In September, the UNC CIE held the inaugural Coastal Connect Conference and celebrated its anniversary. Organizers recruited Hugh Forrest, Director of SxSW Interactive, as the keynote speaker. The event drew 300 attendees from across the Southeast. Feedback from many was that they had no idea that Wilmington had the startup community to hold such an event. It also introduced new resident, super angel investor and entrepreneur Adam Burke to the business community. The event was given its name for a reason and the connections made will have an impact in 2015. (Check out the 11 startups that impressed ExitEvent at the event.)

• Tek Mountain and CastleBranch. 
CastleBranch, a leader in background and employment screenings, added an additional 100,000-square-foot building to its Wilmington headquarters. But one of the challenges that CastleBranch faces is a dearth of tech talent in the Wilmington area, so it also included a technology incubator, Tek Mountain, as well as a brewery and onsite food truck. Tek Mountain has had an immediate presence at entrepreneurial events in the community. Tek Mountain is unlike any other space in the area and will attract startup companies that can take advantage of CastleBranch's existing sales channels.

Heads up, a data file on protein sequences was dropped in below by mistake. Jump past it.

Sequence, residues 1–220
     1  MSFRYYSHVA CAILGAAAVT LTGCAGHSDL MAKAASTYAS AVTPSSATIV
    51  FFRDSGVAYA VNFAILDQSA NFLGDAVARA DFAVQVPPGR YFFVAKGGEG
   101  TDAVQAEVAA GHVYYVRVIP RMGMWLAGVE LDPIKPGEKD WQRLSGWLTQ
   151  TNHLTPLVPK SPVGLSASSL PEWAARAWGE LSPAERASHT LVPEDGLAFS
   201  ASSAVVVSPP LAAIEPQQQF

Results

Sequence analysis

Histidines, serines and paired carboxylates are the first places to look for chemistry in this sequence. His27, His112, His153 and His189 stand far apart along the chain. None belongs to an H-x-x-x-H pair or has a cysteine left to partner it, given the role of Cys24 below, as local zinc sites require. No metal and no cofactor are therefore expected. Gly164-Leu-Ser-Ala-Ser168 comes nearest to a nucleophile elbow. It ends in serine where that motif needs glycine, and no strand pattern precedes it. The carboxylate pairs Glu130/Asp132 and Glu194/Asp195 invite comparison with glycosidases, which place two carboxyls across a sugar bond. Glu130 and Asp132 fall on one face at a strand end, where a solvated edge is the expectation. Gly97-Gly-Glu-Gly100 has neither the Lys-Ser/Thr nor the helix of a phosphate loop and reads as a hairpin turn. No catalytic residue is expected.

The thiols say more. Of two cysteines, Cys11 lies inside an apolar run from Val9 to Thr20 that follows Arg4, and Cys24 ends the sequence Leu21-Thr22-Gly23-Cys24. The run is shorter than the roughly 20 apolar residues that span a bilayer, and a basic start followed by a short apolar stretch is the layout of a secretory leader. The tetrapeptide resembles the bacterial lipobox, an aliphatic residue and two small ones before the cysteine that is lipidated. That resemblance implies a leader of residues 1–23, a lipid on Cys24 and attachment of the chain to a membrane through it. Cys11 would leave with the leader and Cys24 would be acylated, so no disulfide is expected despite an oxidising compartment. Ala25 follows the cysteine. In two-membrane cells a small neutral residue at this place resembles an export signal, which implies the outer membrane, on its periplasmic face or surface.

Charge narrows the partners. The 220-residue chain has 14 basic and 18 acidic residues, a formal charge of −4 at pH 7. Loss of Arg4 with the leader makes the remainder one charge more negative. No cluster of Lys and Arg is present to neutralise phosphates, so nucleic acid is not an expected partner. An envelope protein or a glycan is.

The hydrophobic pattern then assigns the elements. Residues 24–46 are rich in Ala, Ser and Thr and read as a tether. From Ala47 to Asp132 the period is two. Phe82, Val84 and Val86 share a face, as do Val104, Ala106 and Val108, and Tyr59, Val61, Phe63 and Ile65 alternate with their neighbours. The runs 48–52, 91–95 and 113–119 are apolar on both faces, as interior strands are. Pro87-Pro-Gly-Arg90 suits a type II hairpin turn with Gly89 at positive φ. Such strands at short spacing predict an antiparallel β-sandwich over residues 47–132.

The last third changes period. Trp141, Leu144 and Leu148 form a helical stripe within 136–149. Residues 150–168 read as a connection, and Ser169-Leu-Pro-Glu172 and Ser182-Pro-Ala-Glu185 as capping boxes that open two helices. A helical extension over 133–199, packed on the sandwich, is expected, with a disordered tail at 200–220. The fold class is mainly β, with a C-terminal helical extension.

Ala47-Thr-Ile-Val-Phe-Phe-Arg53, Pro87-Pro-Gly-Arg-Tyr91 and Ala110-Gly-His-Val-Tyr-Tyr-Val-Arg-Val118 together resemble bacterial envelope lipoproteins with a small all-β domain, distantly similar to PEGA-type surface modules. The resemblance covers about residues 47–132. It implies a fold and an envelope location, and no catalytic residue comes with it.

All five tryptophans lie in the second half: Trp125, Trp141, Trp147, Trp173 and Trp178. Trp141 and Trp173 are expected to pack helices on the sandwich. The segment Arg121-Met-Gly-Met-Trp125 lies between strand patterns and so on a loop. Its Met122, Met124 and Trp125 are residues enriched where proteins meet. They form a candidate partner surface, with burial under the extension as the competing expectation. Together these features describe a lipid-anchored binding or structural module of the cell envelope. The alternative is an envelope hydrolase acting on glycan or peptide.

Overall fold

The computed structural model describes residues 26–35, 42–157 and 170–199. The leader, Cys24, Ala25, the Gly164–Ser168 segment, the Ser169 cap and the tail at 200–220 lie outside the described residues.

• nCino and Live Oak Bank. 
Sibling companies nCino and Live Oak Bank have continued to earn traction and build upon their successes. Live Oak Bank is a high volume Small Business Administration (SBA) lender that focuses on narrow verticals, such as dentists and veterinarians. Last summer, Live Oak Bank contemplated a public stock offering but has since decided to continue with private financing. nCino, the cloud-based bank management and lending software spun out of Live Oak Bank, raised $11 million in venture capital this year and added several dozen customers. Both companies continue to grow their teams and create jobs in Wilmington. It will be interesting to see how they progress and how their success (and potential exits) ripple across the community.